Anna Purcell recommends: The Year of the Flood by Margaret Atwood
The Year of the Flood is absolutely haunting. Atwood's knack for taking current public concerns around scientific discovery and technological innovation to their furthest ends while remaining believable is astonishing. Her imagination and skill are disturbing and profound.
Heidi Clark recommends: Wondrous Strange by Lesley Livingston
This book is utterly captivating. It is classified as YA, but is so rich and complex in mythology and Shakespeare that anyone could enjoy it.
Amy Roebuck recommends: The Best Laid Plans by Terry Fallis
It deservedly won the Leacock Medal for Humour — the book and the author are both absolutely delightful. I am sure it is an all too accurate portrayal of the way Ottawa works, but also holds that flavour of idealism and "all for the best" that I love about Canada.
Meredith Bone recommends: Late Nights on Air by Elizabeth Hay
With clarity and eloquence, writer Elizabeth Hay captures the thoughts of her characters, the employees of a small radio station in Yellowknife. The stories of their lives in the North, their interconnectedness and isolation, along with wonderful descriptions of the landscape, pull the reader into the story.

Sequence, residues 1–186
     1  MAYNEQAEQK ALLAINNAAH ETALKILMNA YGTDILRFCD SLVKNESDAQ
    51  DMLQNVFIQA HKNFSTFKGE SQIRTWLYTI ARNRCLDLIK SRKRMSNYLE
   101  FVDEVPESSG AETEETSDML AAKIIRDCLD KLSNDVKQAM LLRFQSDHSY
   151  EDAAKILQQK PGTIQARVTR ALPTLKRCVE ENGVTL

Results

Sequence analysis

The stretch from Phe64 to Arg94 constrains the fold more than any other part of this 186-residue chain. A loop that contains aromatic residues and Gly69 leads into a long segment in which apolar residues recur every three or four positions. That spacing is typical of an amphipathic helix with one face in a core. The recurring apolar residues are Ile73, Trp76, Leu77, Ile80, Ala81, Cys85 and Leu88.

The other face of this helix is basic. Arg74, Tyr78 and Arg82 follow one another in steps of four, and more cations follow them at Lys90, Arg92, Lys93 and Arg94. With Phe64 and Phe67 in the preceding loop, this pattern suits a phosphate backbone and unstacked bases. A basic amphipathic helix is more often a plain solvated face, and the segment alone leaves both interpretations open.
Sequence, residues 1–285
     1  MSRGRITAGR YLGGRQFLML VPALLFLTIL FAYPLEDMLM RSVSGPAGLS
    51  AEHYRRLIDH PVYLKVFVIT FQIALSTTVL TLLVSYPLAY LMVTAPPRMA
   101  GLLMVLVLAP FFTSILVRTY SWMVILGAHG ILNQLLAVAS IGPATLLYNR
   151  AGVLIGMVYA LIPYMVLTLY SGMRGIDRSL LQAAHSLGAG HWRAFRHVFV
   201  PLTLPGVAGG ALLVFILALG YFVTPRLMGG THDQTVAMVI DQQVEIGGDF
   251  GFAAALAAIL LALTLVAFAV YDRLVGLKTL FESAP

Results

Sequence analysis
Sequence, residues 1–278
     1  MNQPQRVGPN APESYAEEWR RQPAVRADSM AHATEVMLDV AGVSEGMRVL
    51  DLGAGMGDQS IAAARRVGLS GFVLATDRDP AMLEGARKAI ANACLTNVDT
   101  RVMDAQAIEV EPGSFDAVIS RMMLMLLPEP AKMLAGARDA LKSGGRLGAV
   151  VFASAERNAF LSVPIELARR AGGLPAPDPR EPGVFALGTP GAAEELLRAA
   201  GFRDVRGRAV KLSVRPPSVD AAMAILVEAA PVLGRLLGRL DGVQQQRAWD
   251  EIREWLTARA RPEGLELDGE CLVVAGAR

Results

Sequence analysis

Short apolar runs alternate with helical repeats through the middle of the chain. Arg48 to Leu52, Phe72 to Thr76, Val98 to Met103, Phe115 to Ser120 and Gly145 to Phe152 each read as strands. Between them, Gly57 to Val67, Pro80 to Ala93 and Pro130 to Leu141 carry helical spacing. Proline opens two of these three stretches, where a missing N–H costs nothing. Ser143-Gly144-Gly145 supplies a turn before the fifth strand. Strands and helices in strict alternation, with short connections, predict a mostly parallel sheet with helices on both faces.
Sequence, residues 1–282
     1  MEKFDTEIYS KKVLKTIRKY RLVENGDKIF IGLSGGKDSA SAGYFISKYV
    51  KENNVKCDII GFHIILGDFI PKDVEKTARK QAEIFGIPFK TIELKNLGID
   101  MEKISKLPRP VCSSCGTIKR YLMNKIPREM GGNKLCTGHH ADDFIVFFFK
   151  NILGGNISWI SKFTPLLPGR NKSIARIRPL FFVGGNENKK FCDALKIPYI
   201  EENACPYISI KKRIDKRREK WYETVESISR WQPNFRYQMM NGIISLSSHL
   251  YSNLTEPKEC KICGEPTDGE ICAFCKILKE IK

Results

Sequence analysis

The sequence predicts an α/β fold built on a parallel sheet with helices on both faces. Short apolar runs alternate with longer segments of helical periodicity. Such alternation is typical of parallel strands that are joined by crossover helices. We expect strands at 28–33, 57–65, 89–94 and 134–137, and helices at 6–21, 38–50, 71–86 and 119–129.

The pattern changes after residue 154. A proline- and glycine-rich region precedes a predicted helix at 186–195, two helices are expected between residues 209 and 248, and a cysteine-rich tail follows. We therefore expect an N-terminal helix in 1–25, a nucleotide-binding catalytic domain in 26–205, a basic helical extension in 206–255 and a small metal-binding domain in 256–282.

Two catalysts add suspense: a wilderness canoe trip taken by four characters into the Barrens, following the ill-fated steps of an English explorer; and a judge's inquiry into the controversial plan for a gas pipeline through the Mackenzie Valley, which threatens the land and its Native peoples. Late Nights on Air is beautifully written, and presents a compelling picture of the vast Northern reaches of our country.
Amy Neufeld recommends: The Girls by Lori Lansen
A really interesting read from the point of view of a pair of conjoined twins. Not a story you hear every day!
Patti Cornish recommends: The Heart Specialist by Claire Holden Rothman
This was a fascinating, beautifully written novel. The story was interesting on so many different levels, as it explored her personal and family issues, as well as her struggles in becoming a doctor and gaining respect in her profession.
Get your own recommendation in: your pick could be featured in a future round-up or (even better!) find its way to the top 40! Send us your selection through our online recommendation form, Facebook or Twitter.
Erin Balser is an associate producer with Canada Reads.